Exhaustion and Burn Out

Every GP in our Practice, having spent 18 months going the distance EVERY SINGLE DAY feels burnt out; exhausted.
What helps?

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The demands faced by GPs must be immense. I wonder if people resort to their own wellbeing tactics or if they have sought help from talking therapies? Would be nice to hear from a GP about how they are coping with their work pressures.

I think one of the challenges is that when we are exhausted, we tend to do less, whereas it’s often the case (but not always) that when we do something more active, we feel better, more energised. When GPs feel so exhausted, it is hard to ask them to do something more, even though it might help.

Still, with winter ahead, I guess many are just preparing for what is to come.

I’ve heard when people are burnt out and exhausted it can be really helpful to have a work buddy. So having someone who might be experiencing the same demands at work that you can turn to and talk about what’s going on and what could help.

That’s a great idea. They can also give you ideas about whether you’ve been doing more than you need to, and whether that might be affecting how you feel.

Yes, exactly! You are going through it together as a team so nice to be able to share the burden.

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Interesting @Sophie. I’ve posted on another thread on our community about a programme the Mental Health Foundation run along these lines. Everyone has a buddy they can reach out to at times of being overwhelmed.

It sounds like it’s been very effective for them

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One of the things that keeps crossing my mind is that for people who were not health, care or other key workers, they often talk now as if there wasn’t a pandemic? Almost like they can’t see any reason for burn out?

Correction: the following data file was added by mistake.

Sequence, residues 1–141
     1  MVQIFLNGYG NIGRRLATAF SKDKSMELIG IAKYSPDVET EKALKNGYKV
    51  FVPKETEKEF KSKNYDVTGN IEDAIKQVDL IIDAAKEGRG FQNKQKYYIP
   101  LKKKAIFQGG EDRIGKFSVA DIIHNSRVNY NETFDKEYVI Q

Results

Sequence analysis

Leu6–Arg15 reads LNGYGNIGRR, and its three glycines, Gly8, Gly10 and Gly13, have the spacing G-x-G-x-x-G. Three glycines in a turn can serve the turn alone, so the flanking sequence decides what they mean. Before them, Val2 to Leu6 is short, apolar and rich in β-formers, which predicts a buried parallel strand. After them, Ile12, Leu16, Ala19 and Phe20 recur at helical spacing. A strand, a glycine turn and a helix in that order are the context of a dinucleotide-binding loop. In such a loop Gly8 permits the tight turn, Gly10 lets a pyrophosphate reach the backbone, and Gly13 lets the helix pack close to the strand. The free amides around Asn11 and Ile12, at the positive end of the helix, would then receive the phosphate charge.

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Yes, agreed @RDG! Life outside work does seem to have an air of normality about it these days, but work can be a stark reminder of the reality we still face. I’m not surprised people are feeling burned out. That feeling is almost made worse because everyone else thinks we the healthcare sector should be okay now

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I was talking to someone yesterday @Sophie, who suggested that because COVID was so traumatic for so many, they just had to block it out. I wonder if, at the right time, we need to do some remembrance activities, so we can kind of say ‘goodbye’ to those times, and then move forward to a better normal? COVID has also opened the door to some changes that we must nurture, to make our world more equal.

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That’s interesting @Sophie and @RDG.

I feel there is definitely a COVID legacy or hangover that many still feel (I know I do at times) and I guess because it’s never totally gone away, it can be hard to draw lines even if we know many things can be

Yes, I agree. The covid hangover can feel very real at times! I think, as @RDG mentioned, processing what has happened to us is really important in allowing ourselves to let go. It might resurface tough memories but I think working through that is important in allowing ourselves to move on and get some proper rest.

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I wonder how many of us are tired because the ‘threat’ has not gone away, as we see in Austria and Germany, so you are still living like the athlete on the starting block, ready to react in an instant? That is not only stressful, it is exhausting.

I learnt that good sleep is essential and worth making a priority, but it seems there is more we can do.

I like this article on The Seven Types of Rest. Some great suggestions in here.